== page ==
A Closer Look. Tracer Activity for this chapter 2. CDP is an information-gathering tool used by network administrators to get information about directly connected Cisco devices. CDP is a proprietary tool that enables you to access a summary of proto- col and address information about Cisco devices that are directly connected.
By default, each Cisco device sends periodic messages, which are known as CDP advertisements, to directly con- nected Cisco devices. Most network devices, by definition, do not work in isolation. A Cisco device frequently has other Cisco devices as neighbors on the network.
Information gathered from other devices can assist you in making network design decisions, troubleshooting, and making changes to equipment.
CDP can be used as a network discovery tool, helping you to build a logical topology of a network when such documentation is missing or lacking in detail. Familiarity with the general concept of neighbors is important for understanding CDP as well as for future discussions about dynamic routing protocols.
Layer 3 Neighbors At this point in our topology configuration, we only have directly connected neighbors. At Layer 3, routing protocols consider neighbors to be devices that share the same network address space. For example, R1 and R2 are neighbors. Both are members of the R2 and R3 are also neighbors because they both share the But R1 and R3 are not neighbors because they do not share any network address space.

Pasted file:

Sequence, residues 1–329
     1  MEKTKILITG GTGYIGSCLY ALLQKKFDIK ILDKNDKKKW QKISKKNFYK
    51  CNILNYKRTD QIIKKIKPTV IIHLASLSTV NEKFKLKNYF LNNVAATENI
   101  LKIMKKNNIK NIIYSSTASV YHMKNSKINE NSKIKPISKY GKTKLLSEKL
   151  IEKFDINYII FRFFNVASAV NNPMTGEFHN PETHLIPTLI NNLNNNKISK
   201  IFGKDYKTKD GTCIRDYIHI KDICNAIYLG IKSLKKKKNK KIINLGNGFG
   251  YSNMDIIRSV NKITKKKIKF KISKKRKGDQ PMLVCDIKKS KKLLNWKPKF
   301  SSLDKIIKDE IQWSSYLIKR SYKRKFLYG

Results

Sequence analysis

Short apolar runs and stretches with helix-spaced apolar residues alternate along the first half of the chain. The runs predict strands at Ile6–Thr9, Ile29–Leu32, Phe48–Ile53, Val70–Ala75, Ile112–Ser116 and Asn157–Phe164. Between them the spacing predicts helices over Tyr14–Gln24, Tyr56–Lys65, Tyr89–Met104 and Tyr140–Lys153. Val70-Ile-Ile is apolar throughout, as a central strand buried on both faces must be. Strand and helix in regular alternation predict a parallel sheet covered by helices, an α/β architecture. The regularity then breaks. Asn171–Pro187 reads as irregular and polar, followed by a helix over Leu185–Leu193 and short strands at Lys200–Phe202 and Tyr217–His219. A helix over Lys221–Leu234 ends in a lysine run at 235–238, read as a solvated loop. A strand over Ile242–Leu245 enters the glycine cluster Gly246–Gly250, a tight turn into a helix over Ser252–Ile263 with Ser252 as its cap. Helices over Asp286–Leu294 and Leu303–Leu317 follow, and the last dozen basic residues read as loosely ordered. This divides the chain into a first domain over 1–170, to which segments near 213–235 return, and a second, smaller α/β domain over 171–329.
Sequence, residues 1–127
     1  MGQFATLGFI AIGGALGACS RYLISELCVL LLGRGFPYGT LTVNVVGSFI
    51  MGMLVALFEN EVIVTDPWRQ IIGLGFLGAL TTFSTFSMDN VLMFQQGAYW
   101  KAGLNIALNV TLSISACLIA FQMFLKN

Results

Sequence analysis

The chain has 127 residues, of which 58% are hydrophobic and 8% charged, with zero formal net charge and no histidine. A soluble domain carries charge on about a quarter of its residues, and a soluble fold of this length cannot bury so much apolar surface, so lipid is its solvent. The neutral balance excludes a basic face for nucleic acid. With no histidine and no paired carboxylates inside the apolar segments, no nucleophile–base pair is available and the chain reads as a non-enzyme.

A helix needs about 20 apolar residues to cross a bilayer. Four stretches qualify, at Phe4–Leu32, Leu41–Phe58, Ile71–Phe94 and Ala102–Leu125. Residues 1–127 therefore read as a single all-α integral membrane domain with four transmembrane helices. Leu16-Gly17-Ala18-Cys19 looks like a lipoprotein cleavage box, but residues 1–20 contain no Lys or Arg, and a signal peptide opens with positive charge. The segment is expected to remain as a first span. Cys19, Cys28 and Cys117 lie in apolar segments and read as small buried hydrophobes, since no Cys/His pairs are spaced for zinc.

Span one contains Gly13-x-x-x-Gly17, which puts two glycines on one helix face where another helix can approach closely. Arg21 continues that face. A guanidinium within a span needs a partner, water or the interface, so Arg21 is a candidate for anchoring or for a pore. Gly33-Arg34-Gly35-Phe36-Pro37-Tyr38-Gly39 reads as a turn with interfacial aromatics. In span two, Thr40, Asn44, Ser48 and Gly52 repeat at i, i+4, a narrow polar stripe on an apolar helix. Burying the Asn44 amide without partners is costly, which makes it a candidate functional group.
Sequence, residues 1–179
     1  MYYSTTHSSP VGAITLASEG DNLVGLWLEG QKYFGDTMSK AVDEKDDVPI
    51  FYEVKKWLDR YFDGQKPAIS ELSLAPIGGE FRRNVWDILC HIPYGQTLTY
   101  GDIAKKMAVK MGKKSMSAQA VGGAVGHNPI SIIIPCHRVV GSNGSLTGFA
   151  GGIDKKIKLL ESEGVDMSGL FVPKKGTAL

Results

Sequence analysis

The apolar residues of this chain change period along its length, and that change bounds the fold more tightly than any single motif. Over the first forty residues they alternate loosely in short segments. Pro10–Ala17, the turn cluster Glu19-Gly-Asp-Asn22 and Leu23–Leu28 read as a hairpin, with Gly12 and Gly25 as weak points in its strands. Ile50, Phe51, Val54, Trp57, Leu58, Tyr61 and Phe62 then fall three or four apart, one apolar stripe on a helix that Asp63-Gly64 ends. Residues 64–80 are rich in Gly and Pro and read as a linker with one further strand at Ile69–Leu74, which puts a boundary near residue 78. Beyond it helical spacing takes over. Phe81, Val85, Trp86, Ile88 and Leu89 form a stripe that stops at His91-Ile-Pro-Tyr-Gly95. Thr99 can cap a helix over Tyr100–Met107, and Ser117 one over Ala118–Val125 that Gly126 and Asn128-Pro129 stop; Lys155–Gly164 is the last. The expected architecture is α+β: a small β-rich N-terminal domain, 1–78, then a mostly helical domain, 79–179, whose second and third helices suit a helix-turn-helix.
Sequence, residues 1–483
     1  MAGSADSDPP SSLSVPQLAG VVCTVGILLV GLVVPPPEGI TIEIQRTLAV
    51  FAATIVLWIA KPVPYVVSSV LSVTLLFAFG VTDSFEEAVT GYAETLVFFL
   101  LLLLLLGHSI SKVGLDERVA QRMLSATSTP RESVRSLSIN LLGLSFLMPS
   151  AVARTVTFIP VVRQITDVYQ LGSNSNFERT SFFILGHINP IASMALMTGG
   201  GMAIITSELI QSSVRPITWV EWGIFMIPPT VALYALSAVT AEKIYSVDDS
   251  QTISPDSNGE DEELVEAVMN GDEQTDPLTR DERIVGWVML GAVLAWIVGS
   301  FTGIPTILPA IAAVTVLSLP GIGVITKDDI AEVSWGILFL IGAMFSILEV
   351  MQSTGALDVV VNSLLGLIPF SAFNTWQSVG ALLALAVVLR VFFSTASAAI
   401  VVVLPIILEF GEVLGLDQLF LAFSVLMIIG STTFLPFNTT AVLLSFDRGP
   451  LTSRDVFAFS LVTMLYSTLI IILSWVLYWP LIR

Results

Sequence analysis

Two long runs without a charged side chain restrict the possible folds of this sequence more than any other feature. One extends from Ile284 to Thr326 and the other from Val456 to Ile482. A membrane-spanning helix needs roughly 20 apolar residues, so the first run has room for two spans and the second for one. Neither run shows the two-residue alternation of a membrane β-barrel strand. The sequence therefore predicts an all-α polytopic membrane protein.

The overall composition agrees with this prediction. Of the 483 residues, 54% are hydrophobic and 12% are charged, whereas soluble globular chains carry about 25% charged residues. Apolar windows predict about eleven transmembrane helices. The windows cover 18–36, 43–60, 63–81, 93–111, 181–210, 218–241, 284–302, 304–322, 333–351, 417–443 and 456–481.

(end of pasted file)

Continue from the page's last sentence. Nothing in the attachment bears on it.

If we connected R1 and R3 with a cable and configured each with an IP address from the same network, then they would be neighbors. Therefore, CDP neighbors are Cisco devices that are directly con- nected physically and share the same data link. Assuming that all routers and switches in the figure are Cisco devices running CDP, what neigh- bors would R1 have? Can you determine the CDP neighbors for each device? Click the Topology button in the figure. In our chapter topology, we can see the following CDP neighbor relationships: Notice the difference between Layer 2 and Layer 3 neighbors.